Microsoft reports first loss as public company
LOS ANGELES Microsoft said Thursday that an accounting adjustment to reflect a weak online ad business led to its first quarterly loss in its 26 years as a public company.
The software company had warned that it was taking a $6.2 billion charge because its 2007 purchase of online ad service aQuantive hasn't yielded the returns envisioned by management. The non-cash adjustment is something companies do when the value of their assets decline. Microsoft Corp. paid $6.3 billion for aQuantive, only to see rival Google Inc. expand its share of the online ad market.
The charge led to a $492 million loss in the April-June quarter, or 6 cents a share. That compares with earnings of $5.9 billion, or 69 cents, a year ago.
Data add to signs of slowing recovery
WASHINGTON A raft of economic news Thursday sketched a picture of a weakening U.S. economy held back by sluggish home buying and factory production.
Americans bought fewer homes in June than in May. Manufacturing in the Federal Reserve's Philadelphia region contracted for a third straight month this month. And a gauge of future U.S. economic activity fell in June.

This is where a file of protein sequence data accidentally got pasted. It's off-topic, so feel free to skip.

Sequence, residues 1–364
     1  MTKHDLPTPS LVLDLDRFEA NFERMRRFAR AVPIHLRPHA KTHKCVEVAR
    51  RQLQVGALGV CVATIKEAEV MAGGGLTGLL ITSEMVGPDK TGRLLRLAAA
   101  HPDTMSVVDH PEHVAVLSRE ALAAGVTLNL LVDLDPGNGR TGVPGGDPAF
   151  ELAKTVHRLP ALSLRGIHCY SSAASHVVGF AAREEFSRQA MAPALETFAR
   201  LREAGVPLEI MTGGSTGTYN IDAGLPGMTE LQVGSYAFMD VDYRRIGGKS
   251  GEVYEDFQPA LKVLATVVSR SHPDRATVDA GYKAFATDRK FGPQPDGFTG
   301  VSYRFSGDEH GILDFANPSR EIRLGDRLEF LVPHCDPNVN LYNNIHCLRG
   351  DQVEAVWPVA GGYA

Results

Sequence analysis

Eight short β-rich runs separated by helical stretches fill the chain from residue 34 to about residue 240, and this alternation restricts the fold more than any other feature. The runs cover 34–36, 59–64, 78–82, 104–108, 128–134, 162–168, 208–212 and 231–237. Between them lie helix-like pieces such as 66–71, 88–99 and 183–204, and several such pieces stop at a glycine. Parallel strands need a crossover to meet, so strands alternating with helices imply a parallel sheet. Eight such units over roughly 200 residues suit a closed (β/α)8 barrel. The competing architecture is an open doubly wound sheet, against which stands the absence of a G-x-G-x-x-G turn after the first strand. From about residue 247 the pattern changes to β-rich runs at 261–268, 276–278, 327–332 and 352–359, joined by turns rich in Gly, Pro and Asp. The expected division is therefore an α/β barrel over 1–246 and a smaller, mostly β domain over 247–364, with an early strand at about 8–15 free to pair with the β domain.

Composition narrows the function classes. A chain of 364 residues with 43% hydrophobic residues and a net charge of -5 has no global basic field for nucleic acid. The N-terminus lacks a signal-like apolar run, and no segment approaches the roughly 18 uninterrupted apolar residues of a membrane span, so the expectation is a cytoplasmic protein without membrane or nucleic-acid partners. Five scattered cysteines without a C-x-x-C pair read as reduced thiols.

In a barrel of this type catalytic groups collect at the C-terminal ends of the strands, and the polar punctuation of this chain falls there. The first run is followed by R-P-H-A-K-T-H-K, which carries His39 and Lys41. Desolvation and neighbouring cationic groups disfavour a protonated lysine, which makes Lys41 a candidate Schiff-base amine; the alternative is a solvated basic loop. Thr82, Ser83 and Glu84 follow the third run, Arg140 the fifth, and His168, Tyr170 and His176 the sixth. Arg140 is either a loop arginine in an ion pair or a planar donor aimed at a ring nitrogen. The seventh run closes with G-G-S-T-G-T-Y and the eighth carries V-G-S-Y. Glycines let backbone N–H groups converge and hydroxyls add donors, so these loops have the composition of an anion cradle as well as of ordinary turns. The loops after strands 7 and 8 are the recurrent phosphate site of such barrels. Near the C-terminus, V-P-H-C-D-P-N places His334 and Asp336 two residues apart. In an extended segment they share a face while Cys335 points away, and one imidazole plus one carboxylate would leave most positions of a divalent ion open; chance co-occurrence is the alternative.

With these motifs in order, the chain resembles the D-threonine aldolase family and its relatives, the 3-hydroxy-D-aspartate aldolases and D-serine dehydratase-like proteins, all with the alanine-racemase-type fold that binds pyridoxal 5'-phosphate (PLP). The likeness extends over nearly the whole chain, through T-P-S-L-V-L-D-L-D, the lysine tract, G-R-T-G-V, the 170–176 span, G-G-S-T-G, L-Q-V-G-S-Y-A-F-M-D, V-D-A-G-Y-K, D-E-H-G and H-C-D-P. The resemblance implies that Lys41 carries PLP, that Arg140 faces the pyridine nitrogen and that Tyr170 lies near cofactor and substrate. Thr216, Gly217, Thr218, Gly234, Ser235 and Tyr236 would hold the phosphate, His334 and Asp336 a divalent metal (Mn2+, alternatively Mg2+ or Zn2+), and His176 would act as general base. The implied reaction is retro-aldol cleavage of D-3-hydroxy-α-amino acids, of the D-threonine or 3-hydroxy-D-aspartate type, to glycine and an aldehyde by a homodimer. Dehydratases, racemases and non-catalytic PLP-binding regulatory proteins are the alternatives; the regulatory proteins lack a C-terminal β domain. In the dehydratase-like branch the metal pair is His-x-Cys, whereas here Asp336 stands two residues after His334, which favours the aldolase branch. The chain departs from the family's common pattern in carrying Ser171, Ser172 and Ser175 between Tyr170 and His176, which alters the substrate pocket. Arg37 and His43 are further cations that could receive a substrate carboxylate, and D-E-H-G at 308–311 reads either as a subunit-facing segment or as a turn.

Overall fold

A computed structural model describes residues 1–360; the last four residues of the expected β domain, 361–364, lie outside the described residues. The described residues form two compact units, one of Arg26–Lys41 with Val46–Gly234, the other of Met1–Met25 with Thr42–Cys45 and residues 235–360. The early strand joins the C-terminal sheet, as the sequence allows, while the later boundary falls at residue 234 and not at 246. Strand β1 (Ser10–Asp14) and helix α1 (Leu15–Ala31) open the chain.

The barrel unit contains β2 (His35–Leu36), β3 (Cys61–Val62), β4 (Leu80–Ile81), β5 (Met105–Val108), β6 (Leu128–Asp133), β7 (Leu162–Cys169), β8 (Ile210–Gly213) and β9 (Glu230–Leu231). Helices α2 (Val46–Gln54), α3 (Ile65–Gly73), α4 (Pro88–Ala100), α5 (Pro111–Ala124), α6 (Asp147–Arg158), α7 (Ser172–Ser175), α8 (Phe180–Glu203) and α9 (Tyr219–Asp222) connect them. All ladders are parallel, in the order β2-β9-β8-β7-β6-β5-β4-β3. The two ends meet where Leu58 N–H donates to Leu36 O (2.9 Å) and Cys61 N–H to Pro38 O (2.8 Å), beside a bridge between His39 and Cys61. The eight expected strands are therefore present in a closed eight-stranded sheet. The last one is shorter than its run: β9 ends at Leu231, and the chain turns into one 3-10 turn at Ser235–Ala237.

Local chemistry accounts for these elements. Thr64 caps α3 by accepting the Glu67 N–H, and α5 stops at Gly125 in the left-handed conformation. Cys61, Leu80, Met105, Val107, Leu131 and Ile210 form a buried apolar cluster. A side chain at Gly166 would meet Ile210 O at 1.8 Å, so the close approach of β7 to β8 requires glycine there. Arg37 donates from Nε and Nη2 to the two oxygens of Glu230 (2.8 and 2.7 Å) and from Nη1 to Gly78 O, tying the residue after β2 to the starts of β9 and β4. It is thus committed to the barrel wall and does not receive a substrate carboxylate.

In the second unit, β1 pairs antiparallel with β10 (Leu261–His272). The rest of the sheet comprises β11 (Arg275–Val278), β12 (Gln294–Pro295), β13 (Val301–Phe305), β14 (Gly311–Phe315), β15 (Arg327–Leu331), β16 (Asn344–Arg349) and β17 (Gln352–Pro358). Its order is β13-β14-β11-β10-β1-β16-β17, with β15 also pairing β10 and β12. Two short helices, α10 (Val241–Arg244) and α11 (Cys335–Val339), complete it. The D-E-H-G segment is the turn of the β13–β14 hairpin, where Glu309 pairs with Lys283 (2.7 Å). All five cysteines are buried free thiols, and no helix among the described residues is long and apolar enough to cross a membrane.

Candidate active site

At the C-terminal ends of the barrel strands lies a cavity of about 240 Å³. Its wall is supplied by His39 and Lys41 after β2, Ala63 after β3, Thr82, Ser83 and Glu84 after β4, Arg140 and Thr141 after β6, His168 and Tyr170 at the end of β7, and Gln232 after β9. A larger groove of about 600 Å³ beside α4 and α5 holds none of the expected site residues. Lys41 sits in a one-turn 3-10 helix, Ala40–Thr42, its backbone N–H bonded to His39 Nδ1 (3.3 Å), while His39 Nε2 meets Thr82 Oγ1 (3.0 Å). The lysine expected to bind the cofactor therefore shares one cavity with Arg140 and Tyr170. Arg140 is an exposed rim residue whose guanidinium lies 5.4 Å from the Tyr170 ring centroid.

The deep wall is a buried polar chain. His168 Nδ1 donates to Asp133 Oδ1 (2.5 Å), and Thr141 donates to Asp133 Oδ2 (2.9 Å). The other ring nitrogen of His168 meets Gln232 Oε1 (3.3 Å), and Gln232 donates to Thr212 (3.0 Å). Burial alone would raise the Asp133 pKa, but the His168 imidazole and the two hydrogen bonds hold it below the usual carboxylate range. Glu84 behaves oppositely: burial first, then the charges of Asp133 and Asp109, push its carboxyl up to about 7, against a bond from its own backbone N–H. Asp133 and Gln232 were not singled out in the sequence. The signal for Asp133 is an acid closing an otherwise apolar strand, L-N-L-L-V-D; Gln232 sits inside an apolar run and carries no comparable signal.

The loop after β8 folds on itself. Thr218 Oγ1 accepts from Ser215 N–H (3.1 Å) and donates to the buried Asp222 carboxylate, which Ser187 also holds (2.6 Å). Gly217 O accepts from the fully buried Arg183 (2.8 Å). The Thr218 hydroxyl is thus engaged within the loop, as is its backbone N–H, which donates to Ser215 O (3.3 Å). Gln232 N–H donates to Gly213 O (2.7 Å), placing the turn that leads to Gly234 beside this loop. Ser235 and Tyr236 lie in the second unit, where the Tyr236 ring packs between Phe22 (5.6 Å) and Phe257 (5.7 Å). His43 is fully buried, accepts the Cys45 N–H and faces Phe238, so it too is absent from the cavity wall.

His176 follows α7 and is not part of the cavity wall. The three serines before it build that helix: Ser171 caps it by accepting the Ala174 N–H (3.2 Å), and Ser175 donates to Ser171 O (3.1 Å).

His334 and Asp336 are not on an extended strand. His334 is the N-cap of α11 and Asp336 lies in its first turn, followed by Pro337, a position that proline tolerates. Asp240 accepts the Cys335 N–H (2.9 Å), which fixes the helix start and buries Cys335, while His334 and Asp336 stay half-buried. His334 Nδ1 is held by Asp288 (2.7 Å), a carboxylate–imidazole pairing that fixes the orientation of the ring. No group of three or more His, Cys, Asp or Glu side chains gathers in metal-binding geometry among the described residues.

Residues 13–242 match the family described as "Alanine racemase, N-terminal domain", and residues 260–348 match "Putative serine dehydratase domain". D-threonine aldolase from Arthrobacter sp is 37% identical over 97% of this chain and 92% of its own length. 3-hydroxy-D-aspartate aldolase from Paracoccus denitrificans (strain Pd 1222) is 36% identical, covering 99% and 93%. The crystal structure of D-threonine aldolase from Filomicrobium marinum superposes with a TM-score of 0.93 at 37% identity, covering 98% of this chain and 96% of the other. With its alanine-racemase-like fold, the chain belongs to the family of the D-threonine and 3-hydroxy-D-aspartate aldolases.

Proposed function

The number of Americans seeking unemployment benefits rose 34,000 last week. Normally, that would signal an increase in layoffs. But the figure was skewed higher by seasonal factors that made it hard to tell whether the job market might be worsening.
Mortgage rates fall to record low
WASHINGTON Average rates on fixed mortgages fell again this week to record lows, creating more incentive for buyers to enter the recovering housing market.
Mortgage buyer Freddie Mac said Thursday that the average rate on the 30-year loan fell to 3.53 percent. That's down from 3.56 percent last week and the lowest since long-term mortgages began in the 1950s.
The average rate on the 15-year mortgage, a popular refinancing option, declined to 2.83 percent, below last week's previous record of 2.86 percent.
From wire reports